Challenges that affect female entrepreneurs and how to overcome them

June 10, 2018
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Looking at our economy, Kenya recorded a decrease in the unemployment rate to 11 percent in 2017 from 11.29 percent in 2015, with the all-time high being 12.18 percent in 2010 and a record low of 8.10 percent in 1999.

These statistics continue to reflect a high youth unemployment rate. Companies have opted to downsize due to the harsh economic environment thus driving Kenyans to entrepreneurship, with more women now opening businesses compared to a decade ago.

The amount of female-owned business globally has been steadily on the rise, in fact according to a study in the U.S, over 8 million firms in the U.S alone are now owned by women, hiring more than 7 million people and generating $1.5 trillion in revenue.

According to statistics on the 2016 Micro Small and Medium Enterprises in Kenya 47.9 percent of certified businesses were owned by men whereas 32.2 percent were owned by women.

Women-owned 60.7 percent of unlicensed businesses. This high number of women in the informal sector is steered by survival rather than business opportunities.

Being an entrepreneur is probably one of the toughest things you’re ever going to do especially as a female businessperson.

Breaking social expectations is one of the issues that cannot be overlooked. Most female business people who have attended business seminars can attest to counting the number of females present on one hand.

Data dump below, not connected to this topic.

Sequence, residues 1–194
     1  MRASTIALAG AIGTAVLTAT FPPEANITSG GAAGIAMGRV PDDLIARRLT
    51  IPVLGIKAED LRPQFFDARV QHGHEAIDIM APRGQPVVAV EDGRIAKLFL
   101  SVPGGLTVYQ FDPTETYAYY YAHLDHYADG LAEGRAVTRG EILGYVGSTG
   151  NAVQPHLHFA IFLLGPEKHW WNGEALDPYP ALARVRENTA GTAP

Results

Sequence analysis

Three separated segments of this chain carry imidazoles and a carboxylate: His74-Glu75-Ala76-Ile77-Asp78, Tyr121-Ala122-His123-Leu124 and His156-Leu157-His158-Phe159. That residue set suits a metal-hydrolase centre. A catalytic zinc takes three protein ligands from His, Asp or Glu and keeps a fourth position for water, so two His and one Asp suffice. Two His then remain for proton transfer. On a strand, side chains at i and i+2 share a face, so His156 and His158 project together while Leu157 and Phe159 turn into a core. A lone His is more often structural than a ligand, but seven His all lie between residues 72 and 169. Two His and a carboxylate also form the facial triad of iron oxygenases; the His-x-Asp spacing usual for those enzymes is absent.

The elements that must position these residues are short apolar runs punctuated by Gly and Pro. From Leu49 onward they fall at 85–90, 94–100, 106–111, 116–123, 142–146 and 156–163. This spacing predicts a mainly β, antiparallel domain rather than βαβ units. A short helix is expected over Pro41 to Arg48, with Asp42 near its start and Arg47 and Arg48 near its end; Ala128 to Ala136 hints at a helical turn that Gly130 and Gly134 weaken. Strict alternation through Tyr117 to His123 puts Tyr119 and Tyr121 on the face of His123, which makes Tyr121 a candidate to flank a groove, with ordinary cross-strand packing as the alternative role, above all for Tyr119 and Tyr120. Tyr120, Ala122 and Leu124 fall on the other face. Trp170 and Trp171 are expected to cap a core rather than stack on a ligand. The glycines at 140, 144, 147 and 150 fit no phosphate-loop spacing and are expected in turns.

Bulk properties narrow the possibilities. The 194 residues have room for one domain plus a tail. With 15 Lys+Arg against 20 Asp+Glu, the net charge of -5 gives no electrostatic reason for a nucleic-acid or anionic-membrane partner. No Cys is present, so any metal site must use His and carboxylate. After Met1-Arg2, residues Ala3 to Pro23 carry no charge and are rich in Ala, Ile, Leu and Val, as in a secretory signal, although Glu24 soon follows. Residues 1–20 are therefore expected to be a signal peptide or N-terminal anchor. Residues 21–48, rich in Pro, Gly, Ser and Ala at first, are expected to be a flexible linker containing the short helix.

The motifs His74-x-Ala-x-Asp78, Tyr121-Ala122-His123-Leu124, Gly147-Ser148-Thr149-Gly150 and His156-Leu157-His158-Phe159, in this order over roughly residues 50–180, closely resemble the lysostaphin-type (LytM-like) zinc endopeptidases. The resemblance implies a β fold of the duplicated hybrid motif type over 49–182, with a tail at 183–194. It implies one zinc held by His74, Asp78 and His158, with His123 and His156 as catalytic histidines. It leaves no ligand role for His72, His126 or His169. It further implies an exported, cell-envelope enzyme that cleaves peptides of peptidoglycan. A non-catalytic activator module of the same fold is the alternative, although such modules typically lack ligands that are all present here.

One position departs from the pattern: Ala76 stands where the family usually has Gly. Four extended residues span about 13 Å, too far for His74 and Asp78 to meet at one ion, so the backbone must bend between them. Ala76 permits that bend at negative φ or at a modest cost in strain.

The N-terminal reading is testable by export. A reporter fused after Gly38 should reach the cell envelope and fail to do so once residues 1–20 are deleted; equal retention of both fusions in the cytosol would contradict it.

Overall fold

In such settings, women may feel the need to espouse a stereotypically “male” attitude towards business: aggression, harshness and competitiveness, but female bosses deem that being true to yourself and finding your voice is the means to going beyond prejudiced expectations.

Do not feel inclined to conform to what people consider an ideal CEO should look like. Celebrate your achievements and hard work. Be firm and clear in standing up for your business.

Lack of a support system can also be a huge hindrance. 50 percent of female CEOs always say that the absence of accessible advisors and gurus limit growth.

Whereas finding the right support system isn’t a walk in the park, one of the right places to start would be the female networking events.

Work-life balance is a major factor to everyone, male or female, but mom-prenuers tend to have a stiff role in running the home and simultaneously running their businesses and in this part, customary gender expectations habitually prevail.

There is always a way to balance time, but despite that don’t take shortcomings on either side too seriously. You’re naturally a superhuman without much effort, so the next time you miss sports day don’t beat yourself too much.

To find the best work-life combination, female entrepreneurs tend to struggle but you may need to learn to be comfortable delegating tasks and asking for help when necessary.

Female CEOs tend to have much more pressure not to fail. According to a study in 2012, fearing failure is one of the top ten concerns of women who launch businesses. Don’t look at it as a negative thing, you’ll need a great number of shortcomings to get to success. Work through the uncertainty, everyone goes through them. At the end of the day when you’re successful no one cares about your gender.

Most importantly give it your A game, and take yourself seriously by making sure you’re at the right level or path, take chances and don’t be afraid to stand out, be fearless and don’t just lean forward, plunge ahead. Playing it safe doesn’t lead to any real success.

Go unapologetically She-EO’s, you don’t need anyone’s permissions.

By Silvya Kananu, Sinapis Country manager 

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